Process and method are also central to Push and Pull: Or, How I Learnt to Stop Worrying and Love the Technological Failures by Sophie Rose. As a composer and performer, engagement with technology is part of Rose’s ongoing creative process. She describes how her project grew from a desire to ‘touch’ the voice, leading her to design of a set of data-gloves that became integral to a new composition. Titled Tāwhirimātea, the piece is a reimagining of a Māori legend. In contrast to Rose’s development and deployment of new technology, Mattia Merlini and Stefano Maria Nicoletti focus on human-computer interaction in which technology, in the form of artificial intelligence (AI), has creative agency. In considering whether computers can compose music, the authors focus on embodiment – the ways in which having a body not only affects the production of music, but also our capacity, as humans, to appreciate and understand the sounds that we hear.

It seems paradoxical to suggest that AI and new technology can emphasise the importance of corporeality, yet the rapid proliferation of technologically-mediated interaction during the first half of 2020 (in the form of online meetings and live-streamed performances) has underlined this disjunction – embodiment cannot be replaced by two-dimensional video and computer-mediated audio. The human body is present by our heightened awareness of its absence. At a deeper level, this experience draws attention to issues of dichotomy that pervade our understanding of music and technology, discussed in detail by many of the contributors to this issue.

Writing in a publication that will be read primarily online, I am conscious of another paradox. The technology that facilitates the creation and dissemination of Riffs can also form an impenetrable barrier for readers without access to appropriate hardware or an adequate internet connection. Technology can simultaneously embrace and exclude, just as music created with and for technology is sometimes confined to the specific hardware or software that created it. Perhaps these themes deserve greater consideration. As the authors of this issue have demonstrated, the multifaceted relationships between music and technology raise numerous questions, to which there are many different answers.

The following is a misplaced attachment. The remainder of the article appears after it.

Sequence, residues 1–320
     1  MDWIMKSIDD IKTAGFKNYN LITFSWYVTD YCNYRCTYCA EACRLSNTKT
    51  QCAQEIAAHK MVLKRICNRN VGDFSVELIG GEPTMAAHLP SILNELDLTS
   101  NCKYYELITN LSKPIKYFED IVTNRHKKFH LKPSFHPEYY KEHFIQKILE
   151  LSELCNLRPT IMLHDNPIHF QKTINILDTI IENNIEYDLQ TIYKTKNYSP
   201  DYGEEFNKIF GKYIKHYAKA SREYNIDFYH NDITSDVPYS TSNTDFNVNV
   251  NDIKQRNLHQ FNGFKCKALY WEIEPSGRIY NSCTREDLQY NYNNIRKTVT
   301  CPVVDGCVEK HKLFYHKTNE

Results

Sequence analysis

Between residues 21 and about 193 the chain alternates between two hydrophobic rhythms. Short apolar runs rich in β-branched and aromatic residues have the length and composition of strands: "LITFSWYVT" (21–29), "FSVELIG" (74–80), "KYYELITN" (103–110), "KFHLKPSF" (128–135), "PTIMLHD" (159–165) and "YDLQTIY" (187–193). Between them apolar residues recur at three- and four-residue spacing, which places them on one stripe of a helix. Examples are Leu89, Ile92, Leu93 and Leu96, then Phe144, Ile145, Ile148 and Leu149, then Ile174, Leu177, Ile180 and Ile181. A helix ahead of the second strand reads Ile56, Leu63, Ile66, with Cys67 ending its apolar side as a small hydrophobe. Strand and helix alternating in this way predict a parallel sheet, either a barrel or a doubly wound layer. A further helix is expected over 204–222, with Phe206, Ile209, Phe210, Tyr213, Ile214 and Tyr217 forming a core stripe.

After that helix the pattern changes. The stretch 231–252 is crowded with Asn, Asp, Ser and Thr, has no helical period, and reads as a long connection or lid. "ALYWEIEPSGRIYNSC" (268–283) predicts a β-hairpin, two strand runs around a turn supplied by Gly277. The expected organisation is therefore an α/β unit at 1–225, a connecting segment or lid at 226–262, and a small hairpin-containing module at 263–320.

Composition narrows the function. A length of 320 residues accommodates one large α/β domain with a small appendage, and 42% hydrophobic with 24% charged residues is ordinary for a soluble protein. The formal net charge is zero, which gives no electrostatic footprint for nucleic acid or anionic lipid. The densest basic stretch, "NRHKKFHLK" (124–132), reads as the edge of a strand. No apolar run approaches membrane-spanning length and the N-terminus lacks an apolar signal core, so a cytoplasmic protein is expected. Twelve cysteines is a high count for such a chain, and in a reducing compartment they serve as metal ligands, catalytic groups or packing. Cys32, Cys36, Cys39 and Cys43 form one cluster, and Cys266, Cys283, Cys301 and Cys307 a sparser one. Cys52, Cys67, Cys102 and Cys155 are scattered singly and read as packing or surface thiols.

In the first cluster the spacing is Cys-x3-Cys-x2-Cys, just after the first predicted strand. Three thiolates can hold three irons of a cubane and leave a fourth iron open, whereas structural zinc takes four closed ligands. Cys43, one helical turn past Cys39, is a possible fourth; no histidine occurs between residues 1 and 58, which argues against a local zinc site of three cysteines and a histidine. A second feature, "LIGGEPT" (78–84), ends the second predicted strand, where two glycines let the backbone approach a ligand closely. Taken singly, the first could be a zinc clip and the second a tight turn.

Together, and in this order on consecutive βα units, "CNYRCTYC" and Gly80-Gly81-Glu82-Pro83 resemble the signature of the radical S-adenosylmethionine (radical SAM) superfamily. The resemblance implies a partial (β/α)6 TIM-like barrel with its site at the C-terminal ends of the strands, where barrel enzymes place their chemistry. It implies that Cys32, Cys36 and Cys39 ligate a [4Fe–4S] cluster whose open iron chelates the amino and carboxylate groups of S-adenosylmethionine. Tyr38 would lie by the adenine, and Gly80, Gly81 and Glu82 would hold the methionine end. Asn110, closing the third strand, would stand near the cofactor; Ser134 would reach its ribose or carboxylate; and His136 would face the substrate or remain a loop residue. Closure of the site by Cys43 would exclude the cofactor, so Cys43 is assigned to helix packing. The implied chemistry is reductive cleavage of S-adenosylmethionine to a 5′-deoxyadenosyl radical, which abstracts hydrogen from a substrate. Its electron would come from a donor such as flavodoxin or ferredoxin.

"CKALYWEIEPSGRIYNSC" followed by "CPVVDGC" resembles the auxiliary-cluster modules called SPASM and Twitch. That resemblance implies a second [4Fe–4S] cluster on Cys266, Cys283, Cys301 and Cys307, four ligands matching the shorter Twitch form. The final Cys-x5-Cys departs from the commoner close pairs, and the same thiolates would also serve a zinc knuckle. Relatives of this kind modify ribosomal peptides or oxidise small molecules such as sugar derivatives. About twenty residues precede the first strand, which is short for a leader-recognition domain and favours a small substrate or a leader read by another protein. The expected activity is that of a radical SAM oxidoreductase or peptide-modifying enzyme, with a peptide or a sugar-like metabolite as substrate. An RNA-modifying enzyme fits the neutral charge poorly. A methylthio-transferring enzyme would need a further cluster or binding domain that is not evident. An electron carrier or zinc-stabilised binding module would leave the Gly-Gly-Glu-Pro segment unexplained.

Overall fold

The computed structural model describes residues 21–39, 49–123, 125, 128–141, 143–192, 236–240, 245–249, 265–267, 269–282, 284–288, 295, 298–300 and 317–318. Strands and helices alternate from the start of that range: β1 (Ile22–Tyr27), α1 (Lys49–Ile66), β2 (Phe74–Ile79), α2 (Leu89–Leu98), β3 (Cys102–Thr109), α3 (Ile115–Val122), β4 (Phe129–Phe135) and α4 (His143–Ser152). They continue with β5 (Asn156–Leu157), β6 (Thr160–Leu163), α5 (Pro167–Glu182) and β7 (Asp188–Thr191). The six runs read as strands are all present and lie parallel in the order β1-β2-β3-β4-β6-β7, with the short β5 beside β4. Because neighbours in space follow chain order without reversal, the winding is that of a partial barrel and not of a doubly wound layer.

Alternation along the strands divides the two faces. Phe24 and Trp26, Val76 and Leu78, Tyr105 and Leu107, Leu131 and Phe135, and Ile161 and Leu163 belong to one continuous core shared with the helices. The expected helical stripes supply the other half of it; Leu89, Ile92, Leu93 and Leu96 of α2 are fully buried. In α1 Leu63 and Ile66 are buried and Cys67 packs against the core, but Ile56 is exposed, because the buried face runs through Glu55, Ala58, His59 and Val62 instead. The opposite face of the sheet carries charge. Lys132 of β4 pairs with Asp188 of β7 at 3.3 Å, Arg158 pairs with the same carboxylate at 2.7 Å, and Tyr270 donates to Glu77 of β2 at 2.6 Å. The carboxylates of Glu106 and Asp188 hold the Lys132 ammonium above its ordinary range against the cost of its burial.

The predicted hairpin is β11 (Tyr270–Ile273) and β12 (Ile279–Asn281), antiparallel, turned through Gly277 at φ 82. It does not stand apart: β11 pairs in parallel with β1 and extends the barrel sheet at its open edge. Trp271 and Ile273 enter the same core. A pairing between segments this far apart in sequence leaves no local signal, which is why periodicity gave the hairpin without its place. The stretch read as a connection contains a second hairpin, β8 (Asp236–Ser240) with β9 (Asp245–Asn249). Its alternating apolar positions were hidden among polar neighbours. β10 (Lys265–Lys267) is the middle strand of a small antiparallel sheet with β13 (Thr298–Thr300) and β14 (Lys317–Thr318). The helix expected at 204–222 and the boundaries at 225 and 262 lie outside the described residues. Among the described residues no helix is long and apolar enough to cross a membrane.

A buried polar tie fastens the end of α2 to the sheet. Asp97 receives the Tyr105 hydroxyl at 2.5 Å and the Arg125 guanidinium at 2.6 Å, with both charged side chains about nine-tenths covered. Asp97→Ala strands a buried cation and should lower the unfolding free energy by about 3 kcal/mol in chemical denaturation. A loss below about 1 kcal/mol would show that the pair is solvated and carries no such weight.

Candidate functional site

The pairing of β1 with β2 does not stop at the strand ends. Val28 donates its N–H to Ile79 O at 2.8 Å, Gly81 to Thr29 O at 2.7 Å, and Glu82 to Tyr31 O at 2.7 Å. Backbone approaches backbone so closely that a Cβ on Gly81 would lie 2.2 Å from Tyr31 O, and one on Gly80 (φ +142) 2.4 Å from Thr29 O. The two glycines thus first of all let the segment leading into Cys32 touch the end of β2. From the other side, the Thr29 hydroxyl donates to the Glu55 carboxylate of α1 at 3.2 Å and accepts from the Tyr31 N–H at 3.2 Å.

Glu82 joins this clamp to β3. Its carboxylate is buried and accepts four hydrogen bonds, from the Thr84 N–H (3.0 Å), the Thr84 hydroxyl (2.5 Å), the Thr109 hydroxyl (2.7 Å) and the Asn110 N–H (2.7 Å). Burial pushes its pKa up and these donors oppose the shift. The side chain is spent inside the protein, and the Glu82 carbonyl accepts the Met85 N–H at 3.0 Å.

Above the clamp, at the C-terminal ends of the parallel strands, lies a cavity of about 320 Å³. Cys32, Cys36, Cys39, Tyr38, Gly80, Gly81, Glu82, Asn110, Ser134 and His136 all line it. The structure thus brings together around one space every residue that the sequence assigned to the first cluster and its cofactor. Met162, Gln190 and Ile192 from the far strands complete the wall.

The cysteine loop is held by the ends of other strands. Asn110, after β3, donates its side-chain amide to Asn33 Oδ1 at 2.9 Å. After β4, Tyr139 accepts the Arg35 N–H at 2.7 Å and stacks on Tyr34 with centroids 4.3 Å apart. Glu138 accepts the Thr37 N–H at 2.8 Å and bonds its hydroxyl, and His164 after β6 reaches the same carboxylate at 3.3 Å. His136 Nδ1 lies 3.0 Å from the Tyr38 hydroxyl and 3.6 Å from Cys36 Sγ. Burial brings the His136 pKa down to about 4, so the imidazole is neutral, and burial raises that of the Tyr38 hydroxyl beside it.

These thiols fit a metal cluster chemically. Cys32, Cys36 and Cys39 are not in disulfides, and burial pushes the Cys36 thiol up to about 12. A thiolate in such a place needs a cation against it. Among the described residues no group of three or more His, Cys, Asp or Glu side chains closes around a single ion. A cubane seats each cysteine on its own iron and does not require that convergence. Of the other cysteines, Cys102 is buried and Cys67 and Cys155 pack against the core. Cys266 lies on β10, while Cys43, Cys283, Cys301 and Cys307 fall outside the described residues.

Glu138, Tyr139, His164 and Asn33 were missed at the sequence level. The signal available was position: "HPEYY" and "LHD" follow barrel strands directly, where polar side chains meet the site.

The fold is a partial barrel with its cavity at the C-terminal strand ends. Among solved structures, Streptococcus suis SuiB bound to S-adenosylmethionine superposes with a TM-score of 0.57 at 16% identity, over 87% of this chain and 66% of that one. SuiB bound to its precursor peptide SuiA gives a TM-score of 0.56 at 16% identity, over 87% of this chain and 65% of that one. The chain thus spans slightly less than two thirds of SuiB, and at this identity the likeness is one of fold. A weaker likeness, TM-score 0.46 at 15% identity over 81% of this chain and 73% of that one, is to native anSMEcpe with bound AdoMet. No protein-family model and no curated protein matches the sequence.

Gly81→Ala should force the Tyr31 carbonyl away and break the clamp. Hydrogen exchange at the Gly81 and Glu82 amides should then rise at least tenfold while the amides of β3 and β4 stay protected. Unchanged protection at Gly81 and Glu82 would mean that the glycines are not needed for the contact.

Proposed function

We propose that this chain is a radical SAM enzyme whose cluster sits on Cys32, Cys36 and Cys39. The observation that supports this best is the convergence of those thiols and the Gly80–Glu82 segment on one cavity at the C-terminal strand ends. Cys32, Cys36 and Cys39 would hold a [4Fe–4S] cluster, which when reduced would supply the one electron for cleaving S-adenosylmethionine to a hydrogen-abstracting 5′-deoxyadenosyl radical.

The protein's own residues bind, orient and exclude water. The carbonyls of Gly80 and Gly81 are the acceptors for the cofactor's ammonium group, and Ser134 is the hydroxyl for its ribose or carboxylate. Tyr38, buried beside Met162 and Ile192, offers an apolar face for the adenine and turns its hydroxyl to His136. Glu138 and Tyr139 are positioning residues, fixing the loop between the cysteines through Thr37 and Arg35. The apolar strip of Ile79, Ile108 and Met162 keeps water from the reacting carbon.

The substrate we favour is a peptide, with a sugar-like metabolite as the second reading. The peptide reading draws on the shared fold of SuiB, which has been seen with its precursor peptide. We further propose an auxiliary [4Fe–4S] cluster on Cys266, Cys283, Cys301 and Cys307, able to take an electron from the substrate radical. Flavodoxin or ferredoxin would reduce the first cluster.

The ideas and perspectives in this issue of Riffs reflect the contributors’ diverse relationships with technology – as performers, creators, musicologists, and innovators, whose work often resists being contained within a single genre or area. In line with the journal’s aim to encourage experimental thinking and writing about music, images and audio are not merely decorative, but are an integral component of each author’s contribution. Artwork by Matty Evans, created as part of an artistic practice that explores the transformation of text and image into music, is an example of a creative response to the ideas that are discussed within these pages. I hope that each reader will be likewise inspired and challenged by the ideas, opinions, images and sounds that are encountered within Riffs: Music and Technology.

Edmund Hunt is a Derbyshire-based composer who writes instrumental, vocal and electroacoustic music. In 2018, Edmund became a Postdoctoral Research Fellow in composition at Royal Birmingham Conservatoire, focusing on composition and live electronics based on the analysis of early medieval languages. During 2019—–20, projects have included an electroacoustic composition for Longyou International Festival, China, a Cohan Collective Residency to create a 20–30 minute dance work with choreographer Edd Mitton, and an ongoing Sound and Music New Voices work for dancer, string quartet and live electronics. Edmund is a co-investigator of Augmented Vocality: Recomposing the Sounds of Early Irish and Old Norse, an AHRC-funded research project which is scheduled to begin in 2020-–21.


[1] Christina Kubisch, ‘Artists’ Statements II: Christina Kubisch’, in The Cambridge Companion to Electronic Music, ed. by Nick Collins and Julio d’Escriván, 2nd edn (Cambridge. Cambridge University Press, 2017: 176)